As far as I am aware Rochdale no longer celebrates the Rush Bearing festival, though nearby Littleborough revived theirs in 1991 and continue to celebrate it each year. Below is description of how Rochdale and its Rush-Bearing from Lancashire Legends (1873) by John Harland & T T Wilkinson.
The annual ceremony of rush-bearing is celebrated in Rochdale and in many other parishes in Lancashire. This custom, partaking of the nature of a village-wake, is of high antiquity, probably as remote as the age of Pope Gregory IV. (a.d. 827), who, on the introduction of Christianity into this country, recommended to Melletus, the coadjutor of St Augustine, that on the anniversary of the dedication of the Christian churches wrested from the pagans, the converts to Christianity should “build themselves huts of the boughs of trees about their churches, and celebrate the solemnities with religious feastings.” On a fixed day in every year — in Rochdale on the 19th August — a kind of obtuse pyramid of rushes, erected on a cart, is highly ornamented in front, and surmounted by a splendid garland. To the vehicle so laden, from thirty to forty young men, wearing white jackets and ornamented with ribbons and flowers, are harnessed in pairs. A band of music is always in attendance, which strikes up on the cart moving on, and thousands of spectators, attracted from a distance of ten or even twenty miles around, hail with repeated cheers the showy pageant. The procession then advances to the town, and, on arriving in front of each of the inns, a kind of morrice-dance is performed by the men in harness, who jingle copper bells, and beat or rather stamp tune with their wooden shoes — the clown, who is dressed in female attire, all the while collecting money to refresh the actors in the grotesque exhibition. From the town,, the procession passes to the neighbouring mansions, where the dance is again repeated, and where the performers are presented by the ladies with garlands and money. Till about the early part of the nineteenth century the rush-bearing usually terminated at the church, and the rushes were spread on the clay floor under the benches used as seats by the congregation, to serve as a winter carpet ; while the garlands were hung up in the chancel and over the pews of the families by whom they had been presented, where they remained till their beauty had faded. But within the last half century the church is frequently the last place thought of in this festival, which has degenerated into mere rustic saturnalia. Formerly not fewer than a dozen of these processions from different parts of the parish entered Rochdale on the annual celebration ; but they have now (1832) dwindled down to three or four, and are gradually dying away. This is in accordance with what Baines says in his “Lancashire,” but a correspondent of Hone’s “Year Book,” signing “J. L.” and dating from Rochdale, May 31, 1825, gives the following account of the custom of rush-bearing in that neighbourhood, illustrated by a woodcut (col. x. 1 103). A few years ago, I was told by an old man now deceased, that he remembered the rushes to have been borne on the shoulders of the country people in bundles, some very plain and others ornamented with ribbons, garlands, &c., to the churchyard in Rochdale; that they were there dried previous to being put into the church, and that these rush-bearers received a small compensation from the churchwardens. This was before churches were floored with wood. The rushes were strewed for the purpose of rendering the congregation more comfortable, and saving •their feet from being chilled by the stone pavements, and, in some instances, the clay floors. In many churches rushes are used in the same manner in the present day; but the old, homely method of rush-bearing on the shoulders has given place to the more luxurious and gorgeous display of the rush-cart and banner. The rushes are laid transversely on the rush-cart, and are cut by sharp knives to the form desired, in which no little art is required. The bolts, as they are termed, are formed of the largest rushes tied up in bundles of about two inches in diameter. These bolts, as the work of making proceeds, are afiixed to rods fixed in the four corners of the cart, and carved to the form required. When the cart is finished, the load of rushes is decorated with carnations and other flowers, in different devices, and surmounted by branches of oak, and a person rides upon the top. The carts are sometimes drawn by horses gaily caparisoned, but more frequently by young men, to the number of twenty or thirty couples, profusely adorned with ribbons, tinsel, &c. They were generally preceded by men with horse-bells about them, grotesquely jumping from side to side, and jingling the bells. After these is a band of music, and sometimes a set of morris-dancers (but without the ancient appendage of bells) followed by young women bearing garlands; then comes the banner, made of silk of various colours, joined by narrow ribbon fretted, the whole profusely covered on both sides with roses, stars, &c., of tinsel (which in this part is called horse-gold), and which being viewed when the sun shines upon it, dazzles the eye.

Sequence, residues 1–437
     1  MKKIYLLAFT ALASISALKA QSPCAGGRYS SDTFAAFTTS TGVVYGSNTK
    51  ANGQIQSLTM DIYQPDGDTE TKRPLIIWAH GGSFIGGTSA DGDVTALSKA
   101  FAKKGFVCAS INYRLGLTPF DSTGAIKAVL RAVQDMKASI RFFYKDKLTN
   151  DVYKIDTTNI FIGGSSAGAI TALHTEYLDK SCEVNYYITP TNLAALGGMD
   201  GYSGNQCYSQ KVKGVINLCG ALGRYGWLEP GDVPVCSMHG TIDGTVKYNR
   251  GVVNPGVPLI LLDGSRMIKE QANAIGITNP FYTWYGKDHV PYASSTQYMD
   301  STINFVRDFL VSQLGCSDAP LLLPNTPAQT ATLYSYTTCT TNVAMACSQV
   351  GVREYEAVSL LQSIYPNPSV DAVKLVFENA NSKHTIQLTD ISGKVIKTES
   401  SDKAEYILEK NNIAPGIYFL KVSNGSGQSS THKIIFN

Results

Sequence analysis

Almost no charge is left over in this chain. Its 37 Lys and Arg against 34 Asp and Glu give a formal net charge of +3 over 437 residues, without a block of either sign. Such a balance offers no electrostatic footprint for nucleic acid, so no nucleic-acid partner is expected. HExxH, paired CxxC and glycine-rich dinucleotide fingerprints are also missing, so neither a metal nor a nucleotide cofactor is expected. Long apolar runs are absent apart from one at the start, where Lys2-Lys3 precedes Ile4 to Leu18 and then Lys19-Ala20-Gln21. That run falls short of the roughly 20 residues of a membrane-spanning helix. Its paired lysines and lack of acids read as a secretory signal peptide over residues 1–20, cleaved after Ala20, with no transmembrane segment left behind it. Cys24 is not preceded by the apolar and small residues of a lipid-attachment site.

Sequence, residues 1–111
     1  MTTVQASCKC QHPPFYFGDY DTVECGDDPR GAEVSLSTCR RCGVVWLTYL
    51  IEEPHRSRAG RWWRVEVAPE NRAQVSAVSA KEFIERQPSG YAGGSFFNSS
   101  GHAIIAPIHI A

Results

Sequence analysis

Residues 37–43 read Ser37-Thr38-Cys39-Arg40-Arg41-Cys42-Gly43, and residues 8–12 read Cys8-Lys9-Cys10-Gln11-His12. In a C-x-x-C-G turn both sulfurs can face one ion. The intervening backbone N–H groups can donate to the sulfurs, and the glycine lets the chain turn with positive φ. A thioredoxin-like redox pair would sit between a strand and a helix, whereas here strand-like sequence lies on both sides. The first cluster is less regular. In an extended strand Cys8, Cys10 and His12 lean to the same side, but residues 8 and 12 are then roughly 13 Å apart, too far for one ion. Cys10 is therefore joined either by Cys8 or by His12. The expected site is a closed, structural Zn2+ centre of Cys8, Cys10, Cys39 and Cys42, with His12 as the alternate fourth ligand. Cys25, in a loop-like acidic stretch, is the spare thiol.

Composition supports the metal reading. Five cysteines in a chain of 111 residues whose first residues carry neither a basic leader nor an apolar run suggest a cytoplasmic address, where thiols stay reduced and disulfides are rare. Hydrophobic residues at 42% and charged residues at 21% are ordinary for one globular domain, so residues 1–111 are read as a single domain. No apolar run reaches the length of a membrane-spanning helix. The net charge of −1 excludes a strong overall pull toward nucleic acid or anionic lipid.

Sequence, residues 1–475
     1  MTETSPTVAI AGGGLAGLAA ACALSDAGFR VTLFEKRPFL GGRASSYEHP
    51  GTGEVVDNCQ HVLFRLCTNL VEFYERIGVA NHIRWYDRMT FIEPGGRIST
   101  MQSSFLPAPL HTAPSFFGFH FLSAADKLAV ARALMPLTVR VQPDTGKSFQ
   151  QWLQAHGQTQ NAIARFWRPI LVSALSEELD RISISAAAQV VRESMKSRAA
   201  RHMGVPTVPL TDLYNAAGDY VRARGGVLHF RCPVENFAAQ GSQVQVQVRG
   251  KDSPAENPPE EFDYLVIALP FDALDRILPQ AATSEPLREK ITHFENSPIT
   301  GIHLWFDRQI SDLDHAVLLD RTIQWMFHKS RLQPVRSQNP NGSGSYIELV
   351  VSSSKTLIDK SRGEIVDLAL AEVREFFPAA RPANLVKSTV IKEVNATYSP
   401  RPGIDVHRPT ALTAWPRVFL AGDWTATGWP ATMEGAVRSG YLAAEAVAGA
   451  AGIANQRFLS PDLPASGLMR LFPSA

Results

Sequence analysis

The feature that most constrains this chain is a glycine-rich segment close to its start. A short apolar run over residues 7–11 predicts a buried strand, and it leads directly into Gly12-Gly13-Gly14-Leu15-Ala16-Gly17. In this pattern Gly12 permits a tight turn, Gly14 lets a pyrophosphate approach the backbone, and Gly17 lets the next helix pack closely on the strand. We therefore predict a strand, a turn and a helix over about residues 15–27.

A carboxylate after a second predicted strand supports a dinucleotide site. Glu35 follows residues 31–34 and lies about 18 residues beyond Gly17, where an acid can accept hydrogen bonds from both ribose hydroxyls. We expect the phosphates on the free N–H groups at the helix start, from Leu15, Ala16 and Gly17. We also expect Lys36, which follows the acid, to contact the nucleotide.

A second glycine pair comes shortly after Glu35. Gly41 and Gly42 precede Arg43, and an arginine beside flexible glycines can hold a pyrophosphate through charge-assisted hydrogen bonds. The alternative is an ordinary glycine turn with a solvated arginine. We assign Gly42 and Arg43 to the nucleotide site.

The banners are generally from four to five yards broad and six to eight yards long, having on either side in the centre a painting of Britannia, the king’s arms, or some other device. The whole procession is flanked by men with long cart-whips, which they keep continually cracking to make a clear path On the front of some carts is a white cloth, to which is attached a number of silver spoons, tankards, cups, and watches, tastefully displayed. Great rivalry exists between the young men of the neighbouring villages which should produce the best-formed cart and banner, and it not unfrequently happens that when two of them meet in the street, a scuffle takes place and many bloody noses are the result. Six or seven rush-carts are frequently in the town of Rochdale on the third Monday in August, which is the day for strewing them. A collection is made by each party from the gentry and other inhabitants, which enables the rush-bearers to sacrifice very freely at the shrine of Sir John Barleycorn. The displays are very gay, and afford much gratification to a stranger who never before witnessed a rush-bearing. The practice is ‘general in the months of July, August, and September, Those held round this place are at Ashworth, Littleborough, Milnrow, Shaw, Oldham, Royton, Middleton, Heywood, and Whitworth ; the customs at each place being much alike. The person who has the forming of a rush-cart is called a featherer, and it was one of these men who unfortunately lost his life at the riots in this town on Easter Monday in April 1794 or 1795. He resided at Mereland, and for a number of years afterwards, in commemoration of his death, the young men who drew the rush-cart from Mereland wore a black scarf, but it is now discontinued. The author of “Scarsdale” has given a graphic account of rush-bearings as they were celebrated fifty years ago. He says : — On the bowling-green behind the house a booth had been built with ribs of timber covered with canvas, and a floor of rough boards to protect the smooth sward. Here, to the accompaniment of a couple of fiddles, flageolets and a fife, about fifty couple were in the full excitement of a country-dance, while many country lads and lasses were looking on. Through the garden behind the green wandered other groups. In front of the inn stood the rush-cart, which to our southern readers may require a more detailed description. One of the larger carts used in Lancashire either to carry manufactured goods or to bring harvest from the field had been heaped with rushes to the height of about twenty-four feet from the ground. The rushes were skilfully arranged into a perfectly smooth conical stack, rising to a sharp ridge at the top. From this centre four hedges, formed of rushes woven into a neat pattern, and each hedge about two feet high, descended to the four corners of the cart. On the summit was a bower in the form of a crown, made of holly, laurel, and other evergreens, round which were twined garlands. An immense wreath of large flowers encircled the base of the arbour, and a smaller one decorated its top. On each of the smooth sides of the cone, between the boundary of rush-hedges, were inscriptions in brilliantly coloured flowers, such as “Colliers and Weavers,” “Fear God,” “Honour the King,” &c. Spangled flags of various bright hues hung from the sides of the crowning bower. A large silver salver from the Hall, with some silver tankards, hung on the front. About thirty young men, with white shirts down to the waist, profusely adorned with gay ribbons, and with wreaths of flowers on their heads, were yoked in couples between two strong new ropes. Each couple held a stave fastened on either side into a knot in the rope, and they were engaged in practising some dances, with which their entry into the principal streets of Rochdale was to be celebrated. A strong horse was in the shafts, and behind was a band of other gaily-dressed young men, similarly yoked between ropes, to hold the cart while descending any steep hill. A bugle sounded to summon the dancers from the booth, the revellers from the club-room, and the wandering groups and whispering lovers from the garden. Some miles of road had to be traversed, and all the rush-carts from the neighbouring villages were to meet in Rochdale at noon. There issued from behind the house the whole united band, with a big drum, two bugles, two trumpets, several other brass instruments, with fifes, flageolets, &c. They were the heralds of an immense banner, held in the air by four men, two on each side, who grasped long slender poles supporting a transverse piece, from which swung this mighty achievement of the art of Scarsdale. In the centre were the Scarsdale arms, which had never been so fiercely emblazoned before ; on the top was a view of Scarsdale Hall, painted on paper mounted on cloth. There were masonic devices, emblematic monsters, wonderfully shaped spangles, roses, wreaths, and other caprices of the imagination of the Scarsdale artists. The result was one of barbaric splendour of colour and tinsel. This marvellous pomp was heralded by a deafening clamour of the band, which did its worst against rival sounds, even almost drowning the frantic shouts with which the phenomenon of the banner was greeted. Seth Diggle had been promoted to the post of honour on the top of the cart, where he held a banner on which the Scarsdale arms were emblazoned on the Union Jack. Before the cart started for Rochdale, however, a country-dance was formed on each side of the road, it being the privilege of the young men yoked in the cart to choose their partners from the prettiest country girls — nothing loath for such a distinction. The band struck up loudly, the banners stood grandly at one end of the two sets of thirty couples, and at the other the cart, with Seth in the bower at its crown. Half-an-hour was devoted to this dance, when the bugle again sounded, the dance at once ceased, the young men kissed their partners and took their places, and, amidst the shouts of the crowd, and the wildest efibrts of the band, the Scarsdale rush-cart started for Rochdale. About the same time a similar fete was in progress at Hurstwood, at Martinmere, at Eastleton, at Milnrow, at Smallbridge, at Whitworth, at Spotland and other villages; for it was the glory of Rochdale to assemble at its rush-bearing, forty years ago, at least eight, and sometimes a dozen, rush-carts from the neighbouring villages. Meanwhile, the gala of the rush-bearing was in the delirium of its frenzy, the rush-carts having assembled in the street opposite the Butts, each with its band in front, the order of procession extending over the bridge across the Roche, and a considerable distance up Yorkshire Street. Every band played with stentorian energy, ” Rule Britannia ; ” the young men drawing every cart vied with each other in the vigour and picturesque character of their dances; the flags in every bower on the top of the rush-carts were waved triumphantly; the spangled and decorated banners carried before each band glittered in the bright noon ; from every window hung flags or coloured dr9,peries, handkerchiefs were waved, and loud huzzas broke to swell the exulting torrent of acclamation. The main thoroughfares were crowded by a multitude of folk in their gayest dresses; in side-streets were stalls with Eccles cakes, Everton toflfy, and Ormskirk gingerbread; and booths with shows of every kind frequenting a country fair. Conjurors stood on their stages, watching for the passage of the procession to attract a crowd of gazers by their wonderful tricks. Mountebanks and clowns were ready to perform, when the streets were clear from the grand pageant of the day. There was a bear on the Butts growling defiance at the dogs by which it was to be baited, and climbing at intervals to the top of the high stake to which he was chained. Then a pilot balloon of gay colours floated gracefully from a garden of the ” Orchard,” near the river, and the roar of guns boomed on the ear at short intervals as the pretty phantom rose in the still air to a great height, and then floated away in the tide of an upper current. When the twenty-first gun had been fired, the procession commenced its progress through the town, amidst the wildest shouts and gestures from the crowd. Yorkshire Street, especially at its steepest and most tortuous part, in the heart of the town, consisted five-and-thirty years ago either of quaint stone houses with muUioned windows, gothic doors, and peaked gables, or of white-and -black timber-houses projecting over first a low-browed shop, then with an overhanging story, containing often a wooden oriel, and higher a gabled story, whose bolder projection invaded the upper area of the street. Smithy Door, and Old Millgate, and other streets in the neighbourhood of the Collegiate Church of Manchester, half a century ago, consisted mainly of such structures, which have now to a great extent disappeared. Chester still abounds with them in a picturesque form. In this narrow and tortuous lane of ancient houses, the procession of rush-carts almost brushed the projecting gables. The men on the crown of each cart were covered with flowers flung by fair hands from the highest windows, just too far off to be reached by a friendly grasp. Overhead, webs of coloured flannel and calico stretched across from the peaks of opposite roofs, but little above the flagstaff of each crown. There was barely room for the great banners to pass. Every window was decorated and crowded. The bray of the bands resounded in the narrow steep street. There was a confusion of gay colours, an agitation of bright forms, a tumult of rude joy, the transient frenzy of a carnival, as each long train of white-shirted ribbon-covered men dragged its cart up the hill, pausing and dancing at intervals amidst the exultation of the crowd.